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Medication Adherence a Problem for Many
By Chronis Manolis, RPh

Chronis Manolis, RPh

The issue of medication non-adherence is not, strictly speaking, a problem for the elderly. It was the late C. Everett Koop, a former surgeon general of the United States, who said, "Drugs don't work in patients who don't take them." He wasn't talking exclusively about just persons over 65.

No, medication non-adherence is a bigger problem than that. But it is an issue that certainly resonates with the elderly. Studies have shown that approximately half of all seniors who take at least one medication find adherence to be a challenge. And, it's been estimated that 20 percent of seniors who live in a senior community setting take 10 or more medications.

The failure to take drugs on time in the dosages prescribed is both dangerous for patients and costly to the health care system. And the reasons that people either don't take their medication or stop taking it before they should, is similar for young and old alike: It often comes down to a lack of understanding of a disease and a lack of respect for the condition.

Medication adherence impacts the cost of healthcare in many ways. According to the Express Scripts Drug Trend Report, $329 billion was spent on avoidable medical and pharmacy expenses as a result of patients not being adherent to medication treatments. Approximately 50 percent of all patients do not take their medication as prescribed, which results in increases in the overall cost of treating chronic conditions and increases the number of hospitalizations and emergency department visits.

There is no single explanation for why people do not take their medicine as directed by their physician. One reason is that if you have an asymptomatic condition (such as high blood pressure, cholesterol disease, and type 2 diabetes) taking medication may have no immediate effect on how you feel. And, when taking medicine does not make you feel better, some people don't understand why they need to take it. As a consequence, many do not.

Another issue is the cost of the medication, in particular for the elderly who may be on multiple medications. If there's no generic available it can be expensive and a patient may simply choose not to purchase it. Then, there's forgetfulness, which is a factor for older patients, but also for others as well. Some patients may avoid taking medicine because they fear the possible side effects. Other times, patients may not take medication because they do not believe that the medication is truly effective.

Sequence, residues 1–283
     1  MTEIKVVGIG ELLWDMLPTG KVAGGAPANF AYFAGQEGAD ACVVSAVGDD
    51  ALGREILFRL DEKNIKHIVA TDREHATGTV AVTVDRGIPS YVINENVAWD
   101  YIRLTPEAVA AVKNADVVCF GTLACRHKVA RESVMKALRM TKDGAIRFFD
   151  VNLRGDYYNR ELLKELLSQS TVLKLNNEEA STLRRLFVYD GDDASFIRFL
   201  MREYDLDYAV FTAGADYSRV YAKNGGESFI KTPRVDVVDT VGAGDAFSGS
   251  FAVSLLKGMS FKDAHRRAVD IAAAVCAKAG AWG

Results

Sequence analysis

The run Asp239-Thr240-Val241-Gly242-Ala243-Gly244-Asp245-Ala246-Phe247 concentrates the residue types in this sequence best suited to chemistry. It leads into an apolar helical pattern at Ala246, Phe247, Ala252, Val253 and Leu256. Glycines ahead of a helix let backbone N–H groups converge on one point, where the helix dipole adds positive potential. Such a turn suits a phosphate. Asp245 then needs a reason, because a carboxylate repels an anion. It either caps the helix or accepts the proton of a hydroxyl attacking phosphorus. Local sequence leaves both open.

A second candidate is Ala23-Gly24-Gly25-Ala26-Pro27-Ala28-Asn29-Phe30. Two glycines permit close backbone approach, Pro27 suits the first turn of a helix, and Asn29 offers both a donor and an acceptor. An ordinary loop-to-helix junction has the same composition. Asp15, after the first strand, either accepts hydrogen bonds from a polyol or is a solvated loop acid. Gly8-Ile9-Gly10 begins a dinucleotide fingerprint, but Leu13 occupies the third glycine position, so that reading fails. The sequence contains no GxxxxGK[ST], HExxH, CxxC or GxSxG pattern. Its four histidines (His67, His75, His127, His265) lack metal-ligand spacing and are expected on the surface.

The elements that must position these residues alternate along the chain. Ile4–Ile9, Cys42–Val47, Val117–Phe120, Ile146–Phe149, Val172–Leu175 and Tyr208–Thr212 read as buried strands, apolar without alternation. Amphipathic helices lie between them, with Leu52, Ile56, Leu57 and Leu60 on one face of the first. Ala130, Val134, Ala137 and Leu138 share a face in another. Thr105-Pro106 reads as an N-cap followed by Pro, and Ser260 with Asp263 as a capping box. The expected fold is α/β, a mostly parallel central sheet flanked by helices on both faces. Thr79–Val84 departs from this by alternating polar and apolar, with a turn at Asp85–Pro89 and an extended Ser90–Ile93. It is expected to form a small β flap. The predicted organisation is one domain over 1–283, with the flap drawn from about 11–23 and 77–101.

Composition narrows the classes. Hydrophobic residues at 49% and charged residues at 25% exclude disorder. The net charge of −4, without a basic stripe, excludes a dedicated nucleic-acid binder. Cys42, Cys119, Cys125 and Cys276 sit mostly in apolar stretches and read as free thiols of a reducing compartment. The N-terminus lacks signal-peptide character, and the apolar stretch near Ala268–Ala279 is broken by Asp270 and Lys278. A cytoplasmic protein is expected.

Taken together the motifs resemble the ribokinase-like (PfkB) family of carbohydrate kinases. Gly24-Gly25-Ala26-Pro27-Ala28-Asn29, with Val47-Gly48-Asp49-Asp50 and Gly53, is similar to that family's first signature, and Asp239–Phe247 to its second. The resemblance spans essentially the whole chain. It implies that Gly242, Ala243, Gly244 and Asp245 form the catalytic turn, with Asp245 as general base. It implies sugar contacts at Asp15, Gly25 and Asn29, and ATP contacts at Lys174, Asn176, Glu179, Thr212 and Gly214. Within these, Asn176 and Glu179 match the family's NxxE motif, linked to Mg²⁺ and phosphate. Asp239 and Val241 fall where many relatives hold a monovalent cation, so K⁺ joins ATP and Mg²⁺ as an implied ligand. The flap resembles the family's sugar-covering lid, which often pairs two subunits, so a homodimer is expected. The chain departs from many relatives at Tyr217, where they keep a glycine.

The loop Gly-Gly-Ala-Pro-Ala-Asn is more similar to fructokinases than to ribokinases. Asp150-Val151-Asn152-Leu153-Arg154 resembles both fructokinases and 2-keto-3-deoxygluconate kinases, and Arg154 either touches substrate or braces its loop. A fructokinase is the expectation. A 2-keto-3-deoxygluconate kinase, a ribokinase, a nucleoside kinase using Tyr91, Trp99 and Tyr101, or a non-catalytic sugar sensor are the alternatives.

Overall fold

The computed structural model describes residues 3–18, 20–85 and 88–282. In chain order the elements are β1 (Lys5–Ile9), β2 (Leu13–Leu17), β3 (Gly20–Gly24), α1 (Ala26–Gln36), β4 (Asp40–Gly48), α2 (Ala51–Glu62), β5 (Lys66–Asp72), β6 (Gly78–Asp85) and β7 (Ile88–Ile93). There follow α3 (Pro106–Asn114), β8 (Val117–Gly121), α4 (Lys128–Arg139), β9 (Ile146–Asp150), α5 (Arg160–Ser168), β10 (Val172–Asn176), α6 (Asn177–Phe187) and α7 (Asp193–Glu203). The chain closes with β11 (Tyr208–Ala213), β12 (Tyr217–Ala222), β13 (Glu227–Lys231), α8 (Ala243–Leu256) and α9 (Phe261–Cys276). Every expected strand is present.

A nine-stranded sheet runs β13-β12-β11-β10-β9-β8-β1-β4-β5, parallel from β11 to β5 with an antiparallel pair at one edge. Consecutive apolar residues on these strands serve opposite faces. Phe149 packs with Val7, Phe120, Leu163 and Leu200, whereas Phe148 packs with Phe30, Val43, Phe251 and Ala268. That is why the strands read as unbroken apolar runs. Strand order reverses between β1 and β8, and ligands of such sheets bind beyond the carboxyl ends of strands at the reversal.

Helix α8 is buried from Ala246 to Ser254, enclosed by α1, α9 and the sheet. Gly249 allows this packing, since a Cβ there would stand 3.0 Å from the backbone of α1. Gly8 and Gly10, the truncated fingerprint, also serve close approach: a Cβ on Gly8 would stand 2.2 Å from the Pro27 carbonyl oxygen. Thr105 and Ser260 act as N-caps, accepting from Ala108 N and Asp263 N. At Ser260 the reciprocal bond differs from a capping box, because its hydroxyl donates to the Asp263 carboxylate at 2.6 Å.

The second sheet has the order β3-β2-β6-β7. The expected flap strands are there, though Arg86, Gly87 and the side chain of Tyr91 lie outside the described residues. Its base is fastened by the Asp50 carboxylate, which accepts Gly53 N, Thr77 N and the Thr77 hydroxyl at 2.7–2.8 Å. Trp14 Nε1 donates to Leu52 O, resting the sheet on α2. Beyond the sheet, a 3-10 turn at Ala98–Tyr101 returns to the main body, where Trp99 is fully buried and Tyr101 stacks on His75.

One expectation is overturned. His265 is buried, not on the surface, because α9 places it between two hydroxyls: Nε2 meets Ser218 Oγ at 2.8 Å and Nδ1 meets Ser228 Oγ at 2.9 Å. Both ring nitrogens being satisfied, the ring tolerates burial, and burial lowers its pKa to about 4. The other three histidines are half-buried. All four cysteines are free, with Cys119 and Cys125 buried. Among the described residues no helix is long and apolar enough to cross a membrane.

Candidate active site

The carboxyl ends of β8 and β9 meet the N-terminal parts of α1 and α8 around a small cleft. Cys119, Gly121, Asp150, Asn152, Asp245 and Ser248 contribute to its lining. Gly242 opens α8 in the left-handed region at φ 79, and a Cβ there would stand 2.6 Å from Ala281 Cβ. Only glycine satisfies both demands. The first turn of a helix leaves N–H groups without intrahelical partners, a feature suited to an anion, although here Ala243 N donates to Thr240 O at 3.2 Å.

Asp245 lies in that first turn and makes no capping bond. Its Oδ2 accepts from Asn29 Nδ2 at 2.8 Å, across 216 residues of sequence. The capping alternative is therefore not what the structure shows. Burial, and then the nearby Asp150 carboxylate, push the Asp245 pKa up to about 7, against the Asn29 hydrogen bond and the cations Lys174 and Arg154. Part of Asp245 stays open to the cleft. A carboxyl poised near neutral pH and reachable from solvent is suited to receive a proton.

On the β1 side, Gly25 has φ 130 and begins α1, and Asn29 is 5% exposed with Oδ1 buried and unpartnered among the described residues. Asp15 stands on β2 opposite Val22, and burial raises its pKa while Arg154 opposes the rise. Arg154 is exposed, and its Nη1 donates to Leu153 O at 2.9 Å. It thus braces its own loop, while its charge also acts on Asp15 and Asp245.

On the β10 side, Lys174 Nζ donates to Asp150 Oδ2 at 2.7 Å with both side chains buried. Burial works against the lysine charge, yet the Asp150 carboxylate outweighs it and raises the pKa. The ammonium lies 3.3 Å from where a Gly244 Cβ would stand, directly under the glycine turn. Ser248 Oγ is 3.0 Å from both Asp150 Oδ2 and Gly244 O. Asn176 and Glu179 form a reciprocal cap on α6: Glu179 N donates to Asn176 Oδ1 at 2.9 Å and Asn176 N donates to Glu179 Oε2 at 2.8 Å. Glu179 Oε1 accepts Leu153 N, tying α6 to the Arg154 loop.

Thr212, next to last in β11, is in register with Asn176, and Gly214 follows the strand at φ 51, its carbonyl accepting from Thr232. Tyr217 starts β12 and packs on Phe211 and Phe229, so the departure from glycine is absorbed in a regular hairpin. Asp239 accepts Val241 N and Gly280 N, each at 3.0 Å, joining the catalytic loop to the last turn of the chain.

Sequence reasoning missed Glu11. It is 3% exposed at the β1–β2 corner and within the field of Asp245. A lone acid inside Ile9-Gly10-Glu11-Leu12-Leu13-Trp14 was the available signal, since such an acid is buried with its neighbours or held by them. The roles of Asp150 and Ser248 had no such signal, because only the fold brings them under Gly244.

Solving the problem of medication non-adherence is complex because there is no "one size fits all" solution. A comprehensive, multi-pronged solution is needed to improve medication adherence.

Included in the effort solve the problem is the need to promote more conversation between physicians and patients concerning the importance of medication in an overall treatment plan. There may be a need for physicians to have a discussion with their patients about what expectations they have for taking medication. Is it to live longer, to have less pain, to reduce symptoms or some other reason? Are these realistic expectations?

There also needs to be a way to involve pharmacists more in the process. Pharmacists are uniquely positioned to reinforce the message above regarding the importance of medication. This can include encouraging patients to use their medication as prescribed and asking patients if they understand why they are taking a drug and if they understand the condition that it's being used for.

Health plans can play a role as well because they can determine if patients are refilling their prescriptions in a timely manner. Health Plan pharmacists can play a role by reaching out to non-adherent patients and by providing customized solutions and tools for patients to improve adherence. Additionally, health plan pharmacists can help triage specific patient adherence issues to other members of the health plan's team including care managers and health coaches to further assist.

For example, if cost is a factor, often less expensive generics are available. If forgetfulness is a problem, pillboxes or enrolling in refill reminder programs could work. Side effects can be eliminated by finding a substitute for the medication or changing dosing and/or frequency of the medication.

Chronis Manolis is Vice President of Pharmacy for UPMC Health Plan. He can be reached at manolisch@upmc.edu.

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